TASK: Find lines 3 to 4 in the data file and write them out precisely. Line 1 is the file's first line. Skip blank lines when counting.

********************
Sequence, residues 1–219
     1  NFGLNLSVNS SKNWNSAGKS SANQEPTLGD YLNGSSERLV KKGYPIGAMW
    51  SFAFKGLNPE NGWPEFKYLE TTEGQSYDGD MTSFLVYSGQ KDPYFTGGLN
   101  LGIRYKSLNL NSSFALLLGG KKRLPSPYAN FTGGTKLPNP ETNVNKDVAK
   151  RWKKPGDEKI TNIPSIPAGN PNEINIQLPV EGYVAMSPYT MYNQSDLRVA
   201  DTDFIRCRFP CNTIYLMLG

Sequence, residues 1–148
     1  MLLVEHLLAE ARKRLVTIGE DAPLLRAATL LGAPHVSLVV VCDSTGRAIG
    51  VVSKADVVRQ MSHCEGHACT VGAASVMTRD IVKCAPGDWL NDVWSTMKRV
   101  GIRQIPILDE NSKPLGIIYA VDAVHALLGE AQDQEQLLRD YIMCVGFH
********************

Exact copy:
    51  SFAFKGLNPE NGWPEFKYLE TTEGQSYDGD MTSFLVYSGQ KDPYFTGGLN
   101  LGIRYKSLNL NSSFALLLGG KKRLPSPYAN FTGGTKLPNP ETNVNKDVAK